The laws that govern estate planning documents such as wills, trusts, medical directives, and powers of attorney are different in every state. A provision is often included in an estate planning document that indicates which state’s laws shall govern the document. Although the document may function outside of that governing state, extra steps may be necessary to enforce the terms of the document such as locating witnesses and obtaining affidavits. In extreme cases, a document drafted in one state will not be enforced in another state due to major differences in the states’ laws.
In addition, state and federal laws that govern wills, trusts, advance directives, and powers of attorney are constantly changing. Your documents could become useless shortly after their execution because of new laws. Periodically updating your estate plan, especially after a move to a different state, will keep your estate planning documents from becoming obsolete.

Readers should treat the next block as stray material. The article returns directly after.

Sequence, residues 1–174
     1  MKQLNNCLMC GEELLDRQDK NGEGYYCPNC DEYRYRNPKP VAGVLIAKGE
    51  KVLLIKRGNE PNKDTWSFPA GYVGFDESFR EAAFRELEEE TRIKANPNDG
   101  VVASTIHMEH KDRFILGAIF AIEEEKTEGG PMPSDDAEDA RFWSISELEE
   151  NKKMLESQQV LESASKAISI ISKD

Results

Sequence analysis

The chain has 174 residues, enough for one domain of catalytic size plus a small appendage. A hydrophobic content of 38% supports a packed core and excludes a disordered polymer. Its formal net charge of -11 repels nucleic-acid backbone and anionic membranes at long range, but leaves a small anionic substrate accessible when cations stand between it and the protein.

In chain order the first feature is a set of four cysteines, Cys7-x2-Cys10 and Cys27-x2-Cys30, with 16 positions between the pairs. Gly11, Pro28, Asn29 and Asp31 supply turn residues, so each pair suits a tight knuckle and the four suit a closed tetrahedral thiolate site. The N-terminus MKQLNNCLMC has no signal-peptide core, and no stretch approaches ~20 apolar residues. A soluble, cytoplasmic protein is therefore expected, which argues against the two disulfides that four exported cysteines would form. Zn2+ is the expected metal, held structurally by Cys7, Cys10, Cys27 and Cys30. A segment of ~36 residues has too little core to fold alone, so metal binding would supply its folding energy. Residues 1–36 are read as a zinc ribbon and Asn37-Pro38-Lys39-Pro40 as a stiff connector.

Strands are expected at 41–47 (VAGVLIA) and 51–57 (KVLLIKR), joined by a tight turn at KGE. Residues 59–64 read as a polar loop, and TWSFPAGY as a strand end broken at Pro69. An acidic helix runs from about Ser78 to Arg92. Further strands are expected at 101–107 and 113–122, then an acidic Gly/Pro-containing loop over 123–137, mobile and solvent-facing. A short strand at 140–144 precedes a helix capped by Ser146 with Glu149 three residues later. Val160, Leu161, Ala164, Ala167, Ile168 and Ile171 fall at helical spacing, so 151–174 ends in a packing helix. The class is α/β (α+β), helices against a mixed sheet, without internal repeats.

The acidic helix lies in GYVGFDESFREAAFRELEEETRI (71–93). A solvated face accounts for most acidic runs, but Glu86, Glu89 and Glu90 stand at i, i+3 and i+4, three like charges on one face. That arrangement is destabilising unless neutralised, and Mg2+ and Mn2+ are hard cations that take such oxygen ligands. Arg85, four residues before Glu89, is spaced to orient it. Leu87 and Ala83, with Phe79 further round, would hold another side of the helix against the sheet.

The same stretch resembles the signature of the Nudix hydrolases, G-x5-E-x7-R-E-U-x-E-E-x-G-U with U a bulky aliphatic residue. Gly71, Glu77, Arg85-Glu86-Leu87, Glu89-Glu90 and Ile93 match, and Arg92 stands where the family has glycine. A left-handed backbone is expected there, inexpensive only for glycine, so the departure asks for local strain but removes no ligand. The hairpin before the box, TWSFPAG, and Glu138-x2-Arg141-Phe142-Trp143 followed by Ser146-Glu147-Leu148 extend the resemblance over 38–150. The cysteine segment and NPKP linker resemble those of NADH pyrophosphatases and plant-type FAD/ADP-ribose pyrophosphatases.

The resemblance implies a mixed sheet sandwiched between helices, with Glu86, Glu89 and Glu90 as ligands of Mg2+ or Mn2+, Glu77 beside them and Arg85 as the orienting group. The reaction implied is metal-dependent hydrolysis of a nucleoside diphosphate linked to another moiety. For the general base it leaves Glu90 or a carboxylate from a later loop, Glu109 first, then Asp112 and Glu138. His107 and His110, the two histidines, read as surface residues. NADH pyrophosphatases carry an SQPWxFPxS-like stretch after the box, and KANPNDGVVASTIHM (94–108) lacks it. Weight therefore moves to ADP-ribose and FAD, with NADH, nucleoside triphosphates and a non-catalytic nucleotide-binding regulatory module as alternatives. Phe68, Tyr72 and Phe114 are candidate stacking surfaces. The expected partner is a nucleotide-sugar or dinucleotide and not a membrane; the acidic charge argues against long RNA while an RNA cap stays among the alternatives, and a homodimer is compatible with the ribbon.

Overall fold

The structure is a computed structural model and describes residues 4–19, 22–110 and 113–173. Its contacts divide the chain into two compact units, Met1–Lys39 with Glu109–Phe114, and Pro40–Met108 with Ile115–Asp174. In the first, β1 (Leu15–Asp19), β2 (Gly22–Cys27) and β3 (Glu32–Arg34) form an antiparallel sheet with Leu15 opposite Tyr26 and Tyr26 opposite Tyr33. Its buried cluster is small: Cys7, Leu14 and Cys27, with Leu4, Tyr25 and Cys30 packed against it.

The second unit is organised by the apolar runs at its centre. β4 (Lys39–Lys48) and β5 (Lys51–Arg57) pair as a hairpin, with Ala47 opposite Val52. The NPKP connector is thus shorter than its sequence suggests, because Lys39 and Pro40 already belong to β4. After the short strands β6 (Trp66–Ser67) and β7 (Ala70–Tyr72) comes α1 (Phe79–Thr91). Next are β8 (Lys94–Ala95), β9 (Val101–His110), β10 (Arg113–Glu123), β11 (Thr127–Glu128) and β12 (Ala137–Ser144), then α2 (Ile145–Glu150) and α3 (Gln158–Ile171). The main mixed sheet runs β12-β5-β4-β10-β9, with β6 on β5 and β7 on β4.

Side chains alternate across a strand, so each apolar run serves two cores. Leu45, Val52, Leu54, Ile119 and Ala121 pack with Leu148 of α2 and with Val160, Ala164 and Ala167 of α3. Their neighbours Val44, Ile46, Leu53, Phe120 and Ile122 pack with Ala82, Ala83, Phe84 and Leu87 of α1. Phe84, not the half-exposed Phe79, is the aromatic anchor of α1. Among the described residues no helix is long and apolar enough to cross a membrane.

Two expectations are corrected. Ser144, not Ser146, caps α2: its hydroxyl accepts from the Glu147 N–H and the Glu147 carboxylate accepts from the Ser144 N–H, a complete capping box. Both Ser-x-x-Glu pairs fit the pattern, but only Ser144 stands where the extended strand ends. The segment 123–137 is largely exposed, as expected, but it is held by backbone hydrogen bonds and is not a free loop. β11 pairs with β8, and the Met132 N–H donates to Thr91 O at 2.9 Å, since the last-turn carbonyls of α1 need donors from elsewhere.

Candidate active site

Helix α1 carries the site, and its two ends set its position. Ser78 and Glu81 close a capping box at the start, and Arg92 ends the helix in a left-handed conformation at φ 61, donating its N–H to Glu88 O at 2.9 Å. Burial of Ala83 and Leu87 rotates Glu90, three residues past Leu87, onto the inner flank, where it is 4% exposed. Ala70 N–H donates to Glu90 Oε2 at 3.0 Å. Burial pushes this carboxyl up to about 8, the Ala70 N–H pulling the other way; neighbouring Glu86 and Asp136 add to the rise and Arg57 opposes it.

If you have moved to a new state, it would be best to review your estate plan with an estate planning attorney within that state. Remember to review your estate plan after other significant life events, too.